3. Baby sleeps when it’s time, where you want, and he falls asleep on his own.
This is what most would call baby sleep training. I prefer to call it, teaching independent sleep since sleep training often comes across as rigid and extreme. Teaching independent sleep is guiding your child towards sleep via approximate schedules, routines, consistency, and finally laying your child down awake but drowsy.
For some babies this works very well; for others, it doesn’t. Don’t stress. Truly. Don’t stress.
If it isn’t going well, feel confident reverting back to the previous goal and try again at a later time. Simply keep a good schedule and try your best to have baby sleep in the crib. Those are TWO great accomplishments on their own!
If independent sleep doesn’t happen right away that’s okay. All babies are different and sleeping independently takes time. Don’t feel discouraged that you aren’t doing it correctly. You are doing an amazing job. Listen to your baby and your gut. Things often start to fall into place when you least expect it.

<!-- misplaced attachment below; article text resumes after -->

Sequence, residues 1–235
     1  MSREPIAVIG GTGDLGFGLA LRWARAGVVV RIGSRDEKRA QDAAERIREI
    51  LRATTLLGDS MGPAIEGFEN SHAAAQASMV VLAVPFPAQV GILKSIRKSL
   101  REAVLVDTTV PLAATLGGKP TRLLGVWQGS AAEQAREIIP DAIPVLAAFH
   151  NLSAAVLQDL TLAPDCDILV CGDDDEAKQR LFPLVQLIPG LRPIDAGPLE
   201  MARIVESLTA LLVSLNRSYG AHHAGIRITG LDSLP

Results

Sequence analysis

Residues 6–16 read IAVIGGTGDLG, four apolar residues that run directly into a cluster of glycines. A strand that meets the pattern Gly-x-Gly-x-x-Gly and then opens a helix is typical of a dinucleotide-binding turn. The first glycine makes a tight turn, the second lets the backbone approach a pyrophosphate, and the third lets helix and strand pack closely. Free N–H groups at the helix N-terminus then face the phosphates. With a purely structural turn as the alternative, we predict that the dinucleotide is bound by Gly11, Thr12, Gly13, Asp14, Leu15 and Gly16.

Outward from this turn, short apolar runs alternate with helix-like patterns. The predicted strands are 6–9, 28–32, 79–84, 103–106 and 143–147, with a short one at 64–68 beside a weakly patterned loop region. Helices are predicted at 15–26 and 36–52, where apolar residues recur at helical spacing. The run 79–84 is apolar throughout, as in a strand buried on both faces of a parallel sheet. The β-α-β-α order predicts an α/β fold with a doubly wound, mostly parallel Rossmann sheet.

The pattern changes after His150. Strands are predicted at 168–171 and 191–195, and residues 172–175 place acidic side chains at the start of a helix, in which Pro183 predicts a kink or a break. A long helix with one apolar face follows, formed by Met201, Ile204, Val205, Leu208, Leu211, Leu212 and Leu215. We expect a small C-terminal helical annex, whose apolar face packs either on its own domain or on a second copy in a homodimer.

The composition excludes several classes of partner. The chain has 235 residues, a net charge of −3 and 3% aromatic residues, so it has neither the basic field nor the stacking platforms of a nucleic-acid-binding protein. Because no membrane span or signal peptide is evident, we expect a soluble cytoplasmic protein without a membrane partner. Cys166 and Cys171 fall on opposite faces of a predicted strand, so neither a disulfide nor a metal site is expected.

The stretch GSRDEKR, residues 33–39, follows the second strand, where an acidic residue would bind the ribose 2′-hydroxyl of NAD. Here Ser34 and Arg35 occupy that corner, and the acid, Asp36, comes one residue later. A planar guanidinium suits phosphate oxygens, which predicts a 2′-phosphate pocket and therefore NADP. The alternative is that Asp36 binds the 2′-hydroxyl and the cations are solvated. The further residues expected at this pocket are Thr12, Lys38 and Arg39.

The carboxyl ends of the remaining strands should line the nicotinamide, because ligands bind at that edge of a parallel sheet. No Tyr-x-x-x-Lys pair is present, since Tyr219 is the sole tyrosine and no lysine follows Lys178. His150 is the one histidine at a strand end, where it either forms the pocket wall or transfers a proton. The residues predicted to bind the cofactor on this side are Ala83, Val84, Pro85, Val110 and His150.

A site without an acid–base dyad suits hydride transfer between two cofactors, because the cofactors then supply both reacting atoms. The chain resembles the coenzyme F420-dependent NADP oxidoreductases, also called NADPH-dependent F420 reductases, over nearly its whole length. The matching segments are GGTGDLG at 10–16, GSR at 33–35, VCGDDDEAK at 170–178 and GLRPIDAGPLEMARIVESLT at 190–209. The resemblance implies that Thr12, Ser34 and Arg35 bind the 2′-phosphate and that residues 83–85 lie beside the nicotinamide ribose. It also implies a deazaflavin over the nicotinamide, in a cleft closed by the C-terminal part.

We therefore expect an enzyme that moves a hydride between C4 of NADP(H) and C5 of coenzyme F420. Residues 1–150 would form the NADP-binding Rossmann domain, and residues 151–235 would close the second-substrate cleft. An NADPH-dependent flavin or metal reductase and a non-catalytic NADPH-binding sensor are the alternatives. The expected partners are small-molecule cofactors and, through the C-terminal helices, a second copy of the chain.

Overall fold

Print your free baby sleep checklist!
This post comes with a free printable baby sleep checklist to help you support longer stretches of sleep for your baby! Plus, when you grab this printable, you’ll get instant access to my free 3-day baby sleep eCourse.
Download Your Free Printable
- Download the checklist. You’ll get the printable straight to your inbox, plus get my Free 3-Day Baby Sleep eCourse!
- Print. Any paper will do the trick, but card stock would be ideal.
- Place it on your refrigerator. Use it as a quick reference and don’t forget a thing!
Want more on baby sleep?
- My Top 10 Newborn Baby Sleep Tips To Help You Get More Sleep
- The Newborn Routine That Will Help Your Baby Fall Asleep Faster
- Top 7 Challenges + Solutions for Parenting a Newborn and Toddler
- 8 Infant Sleep Facts Every Parent Should Know
Resources for baby sleep:
I've created a free email series just for you! If you are struggling with finding a routine, rhythm or schedule, this email series will help you find one that will work for YOUR family. Yes, really. I've seen my sample routines work time and time again for parents. I know it can work for you too.
This free email series will help you:
- Free sample routines for your child
- Best morning routine tips and tricks your kids will actually follow
- All-time favorite parenting hacks for getting more cooperation at bedtime
- Step-by-step guide for using a printable daily schedule with kids